Xenon does not require the SUR1 subunit to activate KATP channels. (A) Xenon activation of whole cell Kir6.2ΔC26 currents. Plotted is the mean holding current at −20 mV every 15 s. Note the enhanced rundown compared with channels containing the SUR1 subunit., Dashed line is approximation of slower phase of rundown. (B) Mean data from recordings performed on Kir6.2ΔC26, Kir1.1, and K185Q/SUR1 currents summarizing the effects of activators and inhibitors of these channels. Expressed is the holding current at −20 mV in the presence of the drug as a fraction of the current in the absence of the drug. Note the lack of effect of tolbutamide (Tb) and diazoxide (Dz) on Kir6.2ΔC26 currents. (C) Whole cell Kir6.2-K185Q/SUR1 current is sensitive to tolbutamide but not xenon. Numbers (N) are given above the bars. *P < 0.05 compared with control. **P < 0.01 compared with control.
Fig. 3
Fig. 3
Properties of wild-type and mutant KATP channels in inside-out patches. (A) Current–voltage relationships obtained from inside-out patches excised from cells expressing Kir6.2/SUR1 revealed macroscopic inwardly rectifying adenosine triphosphate (ATP)-sensitive currents in symmetrical K+ concentrations. (B) Mean slope conductance (G) in the presence of ATP or tolbutamide (Tb) expressed as a fraction of the conductance in the absence of the drug (Gc). ATP inhibition was concentration dependent for Kir6.2/SUR1 and absent for Kir6.2-K185Q/SUR1 currents. Numbers (N) are given above the bars. **P < 0.01 compared with control. (C, D) Current–voltage relationships obtained for Kir6.2/SUR1 and Kir6.2-K185Q/SUR1 currents, respectively, in the absence and presence of 0.1 mm tolbutamide.
Fig. 4
Fig. 4
Xenon activates wild-type but not mutant KATP channels in inside-out patches. (A, B) Xenon enhanced Kir6.2/SUR1 currents, but not Kir6.2-K185Q/SUR1 currents, in the presence of adenosine triphosphate (ATP). Note that 1 mm ATP increased Kir6.2-K185Q/SUR1 currents because of MgATP-dependent refreshment, and because of its interaction with the SUR1 subunit in the presence of MgCl2. (C) Mean data from recordings as shown in A and B. The slope conductance (G) in the presence of ATP and xenon is expressed as a fraction of the conductance in the absence of the drug (Gc). Xenon activation of Kir6.2/SUR1 increased with increasing ATP concentrations but was absent in the Kir6.2-K185Q mutant both in the absence and presence of ATP. Numbers (N) are given above the bars. ** P < 0.01 compared with control.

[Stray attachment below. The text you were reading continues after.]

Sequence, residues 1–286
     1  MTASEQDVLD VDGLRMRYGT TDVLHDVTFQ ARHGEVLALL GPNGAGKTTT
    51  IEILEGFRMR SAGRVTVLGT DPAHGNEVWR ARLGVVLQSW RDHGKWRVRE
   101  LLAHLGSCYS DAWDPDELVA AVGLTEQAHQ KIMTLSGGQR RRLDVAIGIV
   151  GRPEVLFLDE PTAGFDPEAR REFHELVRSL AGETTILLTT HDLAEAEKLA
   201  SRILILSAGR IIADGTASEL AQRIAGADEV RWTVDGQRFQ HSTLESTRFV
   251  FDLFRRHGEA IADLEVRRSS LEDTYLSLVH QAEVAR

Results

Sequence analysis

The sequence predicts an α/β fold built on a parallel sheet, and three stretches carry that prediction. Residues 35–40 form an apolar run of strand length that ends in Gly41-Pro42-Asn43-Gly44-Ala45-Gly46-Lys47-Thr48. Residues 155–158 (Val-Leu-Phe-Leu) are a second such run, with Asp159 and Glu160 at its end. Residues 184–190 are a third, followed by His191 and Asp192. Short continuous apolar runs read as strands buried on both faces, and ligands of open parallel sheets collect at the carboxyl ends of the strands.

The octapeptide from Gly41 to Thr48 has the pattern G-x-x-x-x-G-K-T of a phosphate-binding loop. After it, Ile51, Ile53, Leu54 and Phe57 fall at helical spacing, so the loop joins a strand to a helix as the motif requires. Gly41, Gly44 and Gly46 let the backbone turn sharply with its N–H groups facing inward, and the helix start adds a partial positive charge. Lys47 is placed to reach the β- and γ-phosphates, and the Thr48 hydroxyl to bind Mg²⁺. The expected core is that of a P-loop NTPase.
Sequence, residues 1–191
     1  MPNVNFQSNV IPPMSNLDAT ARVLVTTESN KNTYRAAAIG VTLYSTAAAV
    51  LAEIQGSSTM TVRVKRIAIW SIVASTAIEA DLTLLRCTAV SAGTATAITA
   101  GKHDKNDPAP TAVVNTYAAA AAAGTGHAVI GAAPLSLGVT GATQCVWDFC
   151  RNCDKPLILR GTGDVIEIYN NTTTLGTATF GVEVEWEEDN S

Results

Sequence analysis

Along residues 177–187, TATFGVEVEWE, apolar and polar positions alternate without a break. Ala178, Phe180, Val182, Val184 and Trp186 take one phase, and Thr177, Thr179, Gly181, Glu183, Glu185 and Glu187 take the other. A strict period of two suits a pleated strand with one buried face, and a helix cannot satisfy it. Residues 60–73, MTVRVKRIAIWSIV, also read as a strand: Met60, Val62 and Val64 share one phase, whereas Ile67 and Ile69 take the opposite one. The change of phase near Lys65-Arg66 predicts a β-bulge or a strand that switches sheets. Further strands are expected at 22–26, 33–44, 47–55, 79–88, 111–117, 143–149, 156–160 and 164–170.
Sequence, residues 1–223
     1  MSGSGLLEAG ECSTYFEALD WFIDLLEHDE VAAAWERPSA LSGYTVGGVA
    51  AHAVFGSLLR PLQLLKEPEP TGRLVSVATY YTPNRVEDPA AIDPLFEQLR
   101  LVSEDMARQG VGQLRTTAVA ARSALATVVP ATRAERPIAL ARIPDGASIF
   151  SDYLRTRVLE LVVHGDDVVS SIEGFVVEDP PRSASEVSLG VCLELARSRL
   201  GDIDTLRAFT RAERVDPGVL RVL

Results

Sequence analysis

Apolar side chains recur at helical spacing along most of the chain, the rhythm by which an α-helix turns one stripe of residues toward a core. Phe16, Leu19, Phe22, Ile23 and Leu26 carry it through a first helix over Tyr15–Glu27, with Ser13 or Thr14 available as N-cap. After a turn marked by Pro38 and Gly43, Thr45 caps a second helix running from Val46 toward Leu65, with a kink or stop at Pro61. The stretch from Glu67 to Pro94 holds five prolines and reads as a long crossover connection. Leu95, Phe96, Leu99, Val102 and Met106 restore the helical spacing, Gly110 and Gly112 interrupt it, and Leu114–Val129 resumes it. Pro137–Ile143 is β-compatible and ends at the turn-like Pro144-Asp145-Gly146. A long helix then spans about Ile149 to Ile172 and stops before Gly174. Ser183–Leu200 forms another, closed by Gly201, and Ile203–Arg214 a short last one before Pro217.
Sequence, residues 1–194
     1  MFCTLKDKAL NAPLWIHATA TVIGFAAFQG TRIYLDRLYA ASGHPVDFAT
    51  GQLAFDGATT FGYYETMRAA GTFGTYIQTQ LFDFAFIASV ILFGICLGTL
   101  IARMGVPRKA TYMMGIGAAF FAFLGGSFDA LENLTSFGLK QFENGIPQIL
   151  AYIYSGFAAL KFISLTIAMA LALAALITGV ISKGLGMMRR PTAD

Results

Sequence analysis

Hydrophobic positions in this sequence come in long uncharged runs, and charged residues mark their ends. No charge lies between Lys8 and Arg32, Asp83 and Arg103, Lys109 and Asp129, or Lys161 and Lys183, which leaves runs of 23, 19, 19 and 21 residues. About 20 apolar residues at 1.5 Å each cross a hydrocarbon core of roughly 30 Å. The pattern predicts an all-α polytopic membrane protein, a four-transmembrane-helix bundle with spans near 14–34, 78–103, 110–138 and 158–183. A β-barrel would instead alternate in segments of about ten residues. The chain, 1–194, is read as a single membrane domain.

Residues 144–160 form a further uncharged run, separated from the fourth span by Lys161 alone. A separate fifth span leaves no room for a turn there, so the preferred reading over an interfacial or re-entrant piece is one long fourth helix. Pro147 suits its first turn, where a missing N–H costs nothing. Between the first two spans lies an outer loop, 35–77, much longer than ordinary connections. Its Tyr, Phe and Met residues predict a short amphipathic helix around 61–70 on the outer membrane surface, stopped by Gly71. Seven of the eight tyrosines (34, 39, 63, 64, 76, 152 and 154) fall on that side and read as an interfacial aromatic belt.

Fig. 5
Fig. 5
Xenon reduces ATP inhibition of inside-out patches. (A, B) Inside-out patch-clamp recordings of Kir6.2/SUR1 currents in the absence (A) or presence (B) of 80% xenon. Recordings were performed in Mg2+-free solution (note the absence of refreshment) and adenosine triphosphate (ATP) was applied as indicated by the bars. (C) ATP concentration–inhibition curves for Kir6.2/SUR1 currents in the absence of MgCl2 as obtained from experiments as shown in A and B. Experiments were performed either in the absence (open circles) or in the presence of 80% xenon (filled circles). Solutions containing ATP were alternated with ATP-free solutions. Slope conductance (G) in the presence of the drug is expressed as a fraction of the slope conductance in its absence (Gc). The dotted lines and solid lines are the best fit to the data using the modified Hill equation (Eq. 1). Numbers (N) are given above the data points. *P < 0.05 compared with same ATP concentration in the absence of xenon.